Owain Kiveiliog ( Wall. Owain Cyfeiliog ; c. 1130 - 1197 ) - Welsh ruler of the southern part of Powys , also known as a poet. His real name is Owain ap Grifid , but he is usually called Owian Qiveiliogue to distinguish him from his ruler Gwynedd Owain Gwynedd .
|Owain up Grifid|
|wall. Owain ap gruffydd|
|Predecessor||Madog ap Maredid|
|Successor||Gwenwinwin up Owain|
|Father||Grifid ap Maredid|
|Mother||Hoverville Top Gurgenas|
|Spouse||Guenllian top Owain|
|Children||Gwenwinwin and Cadwallon |
Owain was the son of Grifid ap Maredid and the nephew of Madog ap Maredid , the last ruler, under whose authority all Powis was under authority. In 1147, Owain received the commute of Kiveiliog from his uncle, and after the death of Madog in 1160, he inherited almost all of southern Powis. Owain's mother, Gwerville Ferch Gurgenas, was the great-great-great-granddaughter of Elistan .
Owain married Gwenllian Ferch Owain, granddaughter of Grifid of Gwynedd .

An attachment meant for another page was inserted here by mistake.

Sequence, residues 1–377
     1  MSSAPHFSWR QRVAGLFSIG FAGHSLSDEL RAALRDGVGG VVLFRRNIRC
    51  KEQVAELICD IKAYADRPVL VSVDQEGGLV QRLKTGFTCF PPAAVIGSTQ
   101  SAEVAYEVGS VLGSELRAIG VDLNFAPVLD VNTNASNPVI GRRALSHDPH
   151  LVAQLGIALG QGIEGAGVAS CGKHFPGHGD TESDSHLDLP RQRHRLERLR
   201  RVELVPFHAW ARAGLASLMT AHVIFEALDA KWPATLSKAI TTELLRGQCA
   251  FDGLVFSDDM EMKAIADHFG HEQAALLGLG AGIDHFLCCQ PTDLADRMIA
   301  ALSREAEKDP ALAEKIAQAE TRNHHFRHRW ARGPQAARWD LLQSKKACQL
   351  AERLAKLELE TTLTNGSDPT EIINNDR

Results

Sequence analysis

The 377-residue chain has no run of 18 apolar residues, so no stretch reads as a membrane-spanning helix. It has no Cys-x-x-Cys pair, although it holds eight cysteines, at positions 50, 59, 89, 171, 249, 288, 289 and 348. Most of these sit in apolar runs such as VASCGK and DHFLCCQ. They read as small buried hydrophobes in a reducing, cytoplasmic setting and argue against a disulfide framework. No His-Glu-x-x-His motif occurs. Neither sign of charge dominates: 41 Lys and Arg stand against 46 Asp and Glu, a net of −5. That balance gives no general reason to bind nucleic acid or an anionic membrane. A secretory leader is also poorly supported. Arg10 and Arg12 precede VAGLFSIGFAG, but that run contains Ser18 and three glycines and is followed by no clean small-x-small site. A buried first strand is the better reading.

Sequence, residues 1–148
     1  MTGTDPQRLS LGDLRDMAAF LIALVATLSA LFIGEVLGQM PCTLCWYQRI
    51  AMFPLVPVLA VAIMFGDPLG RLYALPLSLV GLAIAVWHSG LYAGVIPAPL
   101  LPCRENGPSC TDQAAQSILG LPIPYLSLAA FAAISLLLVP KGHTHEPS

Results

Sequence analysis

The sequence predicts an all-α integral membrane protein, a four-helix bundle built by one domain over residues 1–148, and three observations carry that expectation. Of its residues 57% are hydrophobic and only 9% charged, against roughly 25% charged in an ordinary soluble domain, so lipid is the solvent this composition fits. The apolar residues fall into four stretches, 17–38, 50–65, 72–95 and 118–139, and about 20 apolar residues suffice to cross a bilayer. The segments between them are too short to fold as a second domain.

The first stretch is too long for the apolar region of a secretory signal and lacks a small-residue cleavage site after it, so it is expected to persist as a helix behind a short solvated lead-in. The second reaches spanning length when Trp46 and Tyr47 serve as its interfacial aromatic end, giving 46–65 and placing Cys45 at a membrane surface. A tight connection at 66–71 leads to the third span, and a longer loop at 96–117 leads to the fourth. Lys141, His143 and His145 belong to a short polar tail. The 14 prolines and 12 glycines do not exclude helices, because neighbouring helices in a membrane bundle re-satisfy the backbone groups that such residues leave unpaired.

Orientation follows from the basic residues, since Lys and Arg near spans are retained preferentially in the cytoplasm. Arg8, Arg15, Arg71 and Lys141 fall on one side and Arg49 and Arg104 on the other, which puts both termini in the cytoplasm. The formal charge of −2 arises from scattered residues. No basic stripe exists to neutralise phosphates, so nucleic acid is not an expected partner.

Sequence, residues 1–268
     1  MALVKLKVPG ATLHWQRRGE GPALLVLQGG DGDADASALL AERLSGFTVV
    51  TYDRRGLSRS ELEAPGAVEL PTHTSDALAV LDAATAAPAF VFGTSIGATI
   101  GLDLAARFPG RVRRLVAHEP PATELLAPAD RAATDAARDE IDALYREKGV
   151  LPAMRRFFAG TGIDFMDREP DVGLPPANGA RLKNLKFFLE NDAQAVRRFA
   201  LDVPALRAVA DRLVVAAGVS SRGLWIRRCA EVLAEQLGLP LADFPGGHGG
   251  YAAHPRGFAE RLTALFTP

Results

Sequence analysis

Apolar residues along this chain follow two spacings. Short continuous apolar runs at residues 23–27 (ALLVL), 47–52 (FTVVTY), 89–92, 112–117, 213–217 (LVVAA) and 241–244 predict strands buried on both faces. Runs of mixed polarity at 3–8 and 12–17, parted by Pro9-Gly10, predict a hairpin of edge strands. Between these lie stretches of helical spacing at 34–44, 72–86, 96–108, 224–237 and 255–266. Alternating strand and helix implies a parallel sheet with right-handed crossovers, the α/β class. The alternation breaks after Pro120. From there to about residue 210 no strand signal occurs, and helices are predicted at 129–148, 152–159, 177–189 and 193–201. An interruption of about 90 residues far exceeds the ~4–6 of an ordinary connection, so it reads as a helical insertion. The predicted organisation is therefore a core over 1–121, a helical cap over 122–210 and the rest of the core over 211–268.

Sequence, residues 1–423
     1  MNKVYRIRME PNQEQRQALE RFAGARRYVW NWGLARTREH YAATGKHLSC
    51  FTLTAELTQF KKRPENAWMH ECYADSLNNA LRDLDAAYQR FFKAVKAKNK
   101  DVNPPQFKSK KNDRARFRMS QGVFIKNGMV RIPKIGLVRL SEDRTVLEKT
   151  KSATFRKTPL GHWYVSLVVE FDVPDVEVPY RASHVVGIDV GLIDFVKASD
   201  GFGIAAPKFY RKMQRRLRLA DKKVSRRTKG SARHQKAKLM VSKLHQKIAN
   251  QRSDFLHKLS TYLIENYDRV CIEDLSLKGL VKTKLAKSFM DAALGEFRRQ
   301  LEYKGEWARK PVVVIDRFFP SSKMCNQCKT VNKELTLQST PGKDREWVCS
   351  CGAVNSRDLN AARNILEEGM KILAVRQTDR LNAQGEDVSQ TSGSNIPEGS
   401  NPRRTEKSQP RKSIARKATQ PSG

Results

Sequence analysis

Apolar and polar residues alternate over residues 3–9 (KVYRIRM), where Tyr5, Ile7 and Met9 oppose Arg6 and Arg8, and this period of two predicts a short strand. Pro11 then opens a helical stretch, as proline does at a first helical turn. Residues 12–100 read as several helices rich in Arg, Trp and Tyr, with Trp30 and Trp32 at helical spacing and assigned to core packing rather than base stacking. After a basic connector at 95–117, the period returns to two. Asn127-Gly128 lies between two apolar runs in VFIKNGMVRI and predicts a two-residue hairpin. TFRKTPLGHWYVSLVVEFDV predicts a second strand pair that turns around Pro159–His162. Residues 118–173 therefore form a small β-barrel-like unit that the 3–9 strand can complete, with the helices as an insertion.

In 1165, he, together with other Welsh rulers, took part in repelling the invasion of Wales by King Henry II of England . In the following years, he often acted as an ally of the English crown. In 1170, Owain provided land for the construction of the Strath Marcellus Monastery, but in 1188 he refused to support the Archbishop of Canterbury Baldwin, who, together with Girald Cumbrian, made a trip to Wales, hoping to attract people to the crusade . For this, Owain was excommunicated .
In 1195, Owain transferred the throne to his son Gwenwinwin and retired to Strata Marcella, where he died two years later. Owain is buried in this monastery, despite his excommunication.
Owain was also known as a poet . Only one of his works has survived , Hirlas Owain (“The Owain Horn”), in which he praises his warriors who successfully released Meirig (Owain’s brother) from prison.
- Yorke, Philip. The Royal Tribes of Wales. - London: Isaac Foulkes, 1887 .-- P. 58.
- Lloyd, JE A history of Wales from the earliest times to the Edwardian conquest. London: Longmans, Green & Co.